BlogInfluence: How a Foreman Can Make or Break a Job
By Construct-Ed Inc.
Foremen are the backbone of every job site. They orchestrate the operational flow of tools, supplies, and crew members to task. The bottom line: complete the job on time, under budget, to specifications, and without injuries. Foremen who can achieve this are making a significant contribution to the success of their organizations.
Managing people is often lost on the faint of heart; it is not an easy task. It demands a foreman exert deliberate influence over and meaningful involvement in the lives of the individuals that they have the responsibility of calling their crew.
Influence is a critical component of every leader’s character and foremen are no exception. A foreman’s ability to impact their crewmembers’ attitudes, work ethic, and overall quality of workmanship is crucial to the success of the job and all future jobs. The investment in crew members must be given deep thought. It cannot be ignored.
Foremen must shift their thoughts from “What must I do to prompt this crewmember to complete their work on time?” toward “How can I interact with this crewmember to not only achieve the task at hand but also motivate them to want to?” The influence must compel the crewmember significantly enough to have a profound impact on work habits. The achievement of the latter starts with a foundational understanding of the type of crewmember being mentored.
The crewmember type analysis explained in the following paragraphs is heavily inspired by Col. Dandridge M. Malone, USA (Ret). He wrote a book titled Small Unit Leadership: A Commonsense Approach where he quite extensively assessed how the combination of skill, will, and teamwork drastically changes battlefield dynamics. One formula he uses to assess individual performance is, “The Soldier’s skill in performing tasks critical to success on the battlefield x his will to learn and put that skill to work = THE PREFORMANCE OF THE INDIVIDUAL SOLDIER.” The analysis below will be much broader in scope but correlatively similar regarding how foreman can analyze their own crewmembers.
Four Types of Crew Members:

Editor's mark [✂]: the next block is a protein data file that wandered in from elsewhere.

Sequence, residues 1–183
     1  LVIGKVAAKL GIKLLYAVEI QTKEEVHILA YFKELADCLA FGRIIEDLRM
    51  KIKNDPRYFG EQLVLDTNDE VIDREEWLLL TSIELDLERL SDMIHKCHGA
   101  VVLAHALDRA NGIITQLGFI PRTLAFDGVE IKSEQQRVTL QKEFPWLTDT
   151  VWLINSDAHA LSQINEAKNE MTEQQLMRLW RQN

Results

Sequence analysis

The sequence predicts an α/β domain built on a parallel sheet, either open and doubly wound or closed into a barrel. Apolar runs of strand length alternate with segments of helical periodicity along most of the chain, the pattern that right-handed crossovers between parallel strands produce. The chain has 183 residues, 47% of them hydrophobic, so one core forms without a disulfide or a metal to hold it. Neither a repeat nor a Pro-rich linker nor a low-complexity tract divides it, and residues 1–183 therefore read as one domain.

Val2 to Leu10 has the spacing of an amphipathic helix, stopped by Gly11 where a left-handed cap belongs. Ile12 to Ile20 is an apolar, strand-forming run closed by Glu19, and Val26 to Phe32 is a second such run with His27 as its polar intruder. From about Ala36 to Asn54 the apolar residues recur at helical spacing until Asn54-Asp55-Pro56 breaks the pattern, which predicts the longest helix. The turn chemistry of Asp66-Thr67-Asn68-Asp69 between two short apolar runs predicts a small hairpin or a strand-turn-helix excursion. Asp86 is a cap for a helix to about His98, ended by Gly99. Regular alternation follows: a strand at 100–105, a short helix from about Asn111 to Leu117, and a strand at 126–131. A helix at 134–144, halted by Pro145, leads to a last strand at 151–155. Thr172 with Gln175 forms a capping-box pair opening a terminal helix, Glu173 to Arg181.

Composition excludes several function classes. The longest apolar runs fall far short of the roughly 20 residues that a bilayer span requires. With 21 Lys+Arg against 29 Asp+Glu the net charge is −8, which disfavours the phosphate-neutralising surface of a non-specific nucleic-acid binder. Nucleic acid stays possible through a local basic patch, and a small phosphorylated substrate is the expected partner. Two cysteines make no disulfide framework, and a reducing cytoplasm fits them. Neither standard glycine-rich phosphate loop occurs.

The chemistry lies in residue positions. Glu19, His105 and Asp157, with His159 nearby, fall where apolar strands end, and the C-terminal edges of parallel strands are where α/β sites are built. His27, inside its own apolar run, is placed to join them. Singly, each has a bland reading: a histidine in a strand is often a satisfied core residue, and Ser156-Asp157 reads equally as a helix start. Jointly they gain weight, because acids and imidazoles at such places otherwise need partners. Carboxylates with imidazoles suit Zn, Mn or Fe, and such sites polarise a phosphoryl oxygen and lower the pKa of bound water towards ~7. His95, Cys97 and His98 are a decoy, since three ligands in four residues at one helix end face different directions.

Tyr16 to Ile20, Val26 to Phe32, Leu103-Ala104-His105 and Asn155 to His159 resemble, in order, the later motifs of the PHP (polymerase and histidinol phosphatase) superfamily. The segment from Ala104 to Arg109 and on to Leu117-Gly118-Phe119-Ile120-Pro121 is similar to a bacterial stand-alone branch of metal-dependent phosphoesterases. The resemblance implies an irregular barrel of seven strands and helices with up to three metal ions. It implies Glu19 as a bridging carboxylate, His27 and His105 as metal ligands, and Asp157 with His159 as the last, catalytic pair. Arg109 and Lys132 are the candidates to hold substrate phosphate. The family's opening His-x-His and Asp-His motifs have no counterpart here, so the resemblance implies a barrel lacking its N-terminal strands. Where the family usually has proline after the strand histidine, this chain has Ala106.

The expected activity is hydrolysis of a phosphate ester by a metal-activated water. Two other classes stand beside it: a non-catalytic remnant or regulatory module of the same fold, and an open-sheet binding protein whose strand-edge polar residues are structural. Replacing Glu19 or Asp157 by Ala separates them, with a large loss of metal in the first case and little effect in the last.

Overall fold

There are four types of crewmembers: The Professional, The Arrogant Expert, The Trainee, The Careless Laborer. These four quadrants divide every crewmember by his or her technical ability and will. Technical ability is defined as one’s work-related skills and experience required for any job. Will is defined as one’s personal desire and motivation to achieve an outcome.
The Professional: This individual possesses the technical expertise and will to complete the job at hand. They are always on time, typically stay late, and never compromise on quality of craftsmanship due to their many years of experience and high moral character. They do not take shortcuts.
The Arrogant Expert: This individual possesses technical expertise but lacks the will to complete the job at hand. Like The Professional, they never compromise on quality of craftsmanship due to their high level of experience. They know exactly what needs to be done and possess the knowledge to complete it. They are sometimes late to work, typically leave as soon as the day’s work is completed, and often have poor relationships with other crew members.
The Trainee: This individual possesses the will to complete the job at hand but lacks the technical expertise required. They are always on time and demonstrate a drive to contribute to the team in any way they can. They are typically young high school graduates who simply have very little or no technical knowledge due to the minimal work experience they’ve gathered thus far.
The Careless Laborer: This individual possesses neither the technical expertise nor the will to complete the job at hand. They care little about improving their knowledge of any particular task and even less about the job in which they are employed. They often show up late and sometimes leave the job early. They are typically a moment’s notice away from quitting.
Interacting with each one of these individuals presents its own set of unique challenges. The influence a foreman exerts on each type of crewmember must be tailored. It must praise the best traits and compel improvement of the worst. This requires a relationship. And a relationship requires trust. Relationships are like investments; they will yield tremendous returns if you nurture them properly. During this process, the foreman must learn deeply about his or her team. The foreman will discover what personally motivates each of his crewmembers.
It is of upmost importance for a foreman to understand that this process of influence cannot come at the expense of the job. It must work in tandem with the job at hand. The foreman must learn to carefully and articulately weave his/her influence into every interaction with team members. This is verifiably not an easy task. It requires time, discipline, and genuine care for others.
Foreman must incorporate influence and mentorship into their leadership styles. It is fundamental to their organizational position within the business. It is strongly advised for business owners and/or hiring managers to include clauses that define mentorship requirements for foreman and other leadership positions within the organization. This sets the playing field from day one. This clause will explain to the individual that the business cares deeply about the investment of employee growth.
You cannot grow your business if you fail to grow your employees. Foreman must be great at using materials to build meaningful construction solutions, but they must be even greater at utilizing words to build and inspire the crewmembers around them.
Malone, Dandridge Mike. Small Unit Leadership: A Commonsense Approach. Ballantine Books, 2003.